It is time for another update on housing. Yesterday Cramer pontificated about how housing is about to stabilize, I will present an alternative viewpoint. In early August I wrote that the housing market in general was headed downwards in terms of volume and price. My reasoning for this was based on pending home sales and a few other factors. Let’s check back with the facts and figure out whether or not my prediction was on the mark.
CoreLogic provides analytics, information and statistics for the housing market, among other things. On Tuesday, they released information in reference to their home price index (HPI). First of all, we can see from the HPI that prices remained flat in July with transactional volume decreasing across the board. Year on year there were no gains. The June 2010 measurements showed a gain of 2.4% yoy, so we can take this as a negative shift. Home prices fell in 36 states in July, which was almost twice the number in May and the highest since last November according to the CoreLogic release. The HPI has also trended downward basically nonstop since the beginning of 2007. Look for HPI to decrease in the coming months even further.
In August the NAR reported that while home sales fell, the prices actually rose. This was reported as a positive indicator by the markets, but unfortunately it was from a source with some skin in the game. At that point, many analysts questioned the ability of prices to rise while home sales were falling and inventories were increasing. Of course, there wasn’t a good answer to that question and now we see that one month anomaly falling to pieces. NAR chief economist Lawrence Yun said then that,
Given the rock-bottom mortgage interest rates and historically high housing affordability conditions, the pace of a sales recovery could pick up quickly, provided the economy consistently adds jobs.
Wait a minute, did he just say that something is dependent on the economy consistently adding jobs? Well, of course the picture would get better if the unemployment rate went down and jobs were added at a pace that outdid the population increase each month; unfortunately, that isn’t exactly what has been happening recently. The job market, if you haven’t heard, is actually in pretty bad shape. Many are expecting unemployment to linger above 9% for the rest of next year, and Mr. Lawrence Yun is saying the housing market will recover quickly… if people start getting jobs.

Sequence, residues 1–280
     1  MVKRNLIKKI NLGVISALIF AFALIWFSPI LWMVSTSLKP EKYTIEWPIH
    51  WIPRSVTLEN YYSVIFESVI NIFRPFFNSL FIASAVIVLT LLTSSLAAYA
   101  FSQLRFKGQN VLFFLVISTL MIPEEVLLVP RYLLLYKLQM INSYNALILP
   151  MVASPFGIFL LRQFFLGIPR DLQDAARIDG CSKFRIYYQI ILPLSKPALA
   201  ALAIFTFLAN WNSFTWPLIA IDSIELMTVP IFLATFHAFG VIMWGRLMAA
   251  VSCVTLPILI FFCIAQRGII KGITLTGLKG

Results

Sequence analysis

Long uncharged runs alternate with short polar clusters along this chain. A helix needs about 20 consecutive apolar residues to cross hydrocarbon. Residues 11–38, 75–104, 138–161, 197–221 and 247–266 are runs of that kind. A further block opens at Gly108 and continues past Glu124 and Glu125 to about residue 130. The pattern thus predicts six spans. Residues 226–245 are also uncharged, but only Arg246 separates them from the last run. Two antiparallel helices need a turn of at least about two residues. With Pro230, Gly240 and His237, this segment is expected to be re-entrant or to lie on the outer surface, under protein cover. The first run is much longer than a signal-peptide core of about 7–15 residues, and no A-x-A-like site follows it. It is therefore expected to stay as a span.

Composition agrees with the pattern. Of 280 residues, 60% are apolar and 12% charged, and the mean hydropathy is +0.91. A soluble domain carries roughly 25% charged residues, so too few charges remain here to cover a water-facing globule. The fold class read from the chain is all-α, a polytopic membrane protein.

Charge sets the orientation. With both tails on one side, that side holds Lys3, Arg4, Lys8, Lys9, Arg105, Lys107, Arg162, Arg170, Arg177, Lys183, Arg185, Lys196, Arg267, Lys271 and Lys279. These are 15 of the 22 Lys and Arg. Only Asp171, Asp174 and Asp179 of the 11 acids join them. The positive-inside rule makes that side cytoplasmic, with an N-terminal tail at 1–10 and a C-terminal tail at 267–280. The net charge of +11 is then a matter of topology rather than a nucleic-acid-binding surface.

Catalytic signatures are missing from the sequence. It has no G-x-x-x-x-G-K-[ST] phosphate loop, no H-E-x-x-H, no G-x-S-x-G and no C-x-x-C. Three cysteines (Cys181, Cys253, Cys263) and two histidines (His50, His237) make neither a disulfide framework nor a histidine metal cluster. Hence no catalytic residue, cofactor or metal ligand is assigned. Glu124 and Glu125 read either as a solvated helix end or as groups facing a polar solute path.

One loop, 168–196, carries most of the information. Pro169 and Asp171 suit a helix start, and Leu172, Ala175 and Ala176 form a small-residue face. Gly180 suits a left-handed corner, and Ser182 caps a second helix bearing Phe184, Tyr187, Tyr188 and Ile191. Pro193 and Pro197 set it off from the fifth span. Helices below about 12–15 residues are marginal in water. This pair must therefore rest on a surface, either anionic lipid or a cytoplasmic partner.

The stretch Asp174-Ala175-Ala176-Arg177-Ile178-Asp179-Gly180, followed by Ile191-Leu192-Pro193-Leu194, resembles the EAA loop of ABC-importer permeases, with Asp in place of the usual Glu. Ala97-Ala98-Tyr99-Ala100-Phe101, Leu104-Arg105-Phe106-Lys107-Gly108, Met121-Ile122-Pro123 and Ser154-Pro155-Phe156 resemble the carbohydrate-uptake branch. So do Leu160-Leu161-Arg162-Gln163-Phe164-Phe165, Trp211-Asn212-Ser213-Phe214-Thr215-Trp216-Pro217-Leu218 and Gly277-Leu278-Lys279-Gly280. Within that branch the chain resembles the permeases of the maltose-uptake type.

What if people don’t start getting jobs? That is the loaded gun we are staring down the barrel of at the moment. The buyer tax credit is long gone, home builder confidence is tanking and existing sales have recently plummeted. Inventories are soaring as foreclosures hit the streets now that banks are through taking what they can from the lame duck government-backed mortgage modification program. How many houses does this comprise? Morgan Stanley says the number of houses that are vacant or in the foreclosure process is close to 8 million homes.
To give some perspective to that number, there were four million homes listed with brokers in July, and at the sales pace reported then, it would take over twelve months for those homes to sell. Another 3.8 million homes are apparently ripe for the buying, as 5% of homeowners say they would put their houses on the market if there were a movement upwards, according to a survey by Zillow. Imagine what will happen to prices when the number of houses looking for occupants is tripled or quadrupled as a result of foreclosures and vacancies hitting the market and anxious sellers looking to unload before rock bottom. The only direction that housing can go over the medium term is down. The following table shows some of the NAHB figures released recently, month on month from June to July.
So, as this doomsday scenario comes into focus it would naturally follow that transaction volume would decrease as buyers become aware of another potential decrease in home prices. As a result, what you have is a hesitant buyer’s market that expects prices to dip even further. This will take the wind out of any housing stimulus because people believe there is a better deal down the road. Trulia.com reports that sellers have cut about $29 billion off their home equity in order to attract buyers, but the response has been bated at best.
Why would someone buy a home a few months after an $8,000 tax credit expired? Those people already purchased homes or decided to postpone the purchase further down the road. The fact of the matter is that the tax credit only postponed the inevitable and created a longer, drawn out decline in housing prices. Now, the government should let the market go (read: hit bottom) so that some semblance of stability can comfort consumers and homebuyers enough that the worst is over. Providing another economic stimulus is not the answer.
Disclosure: No positions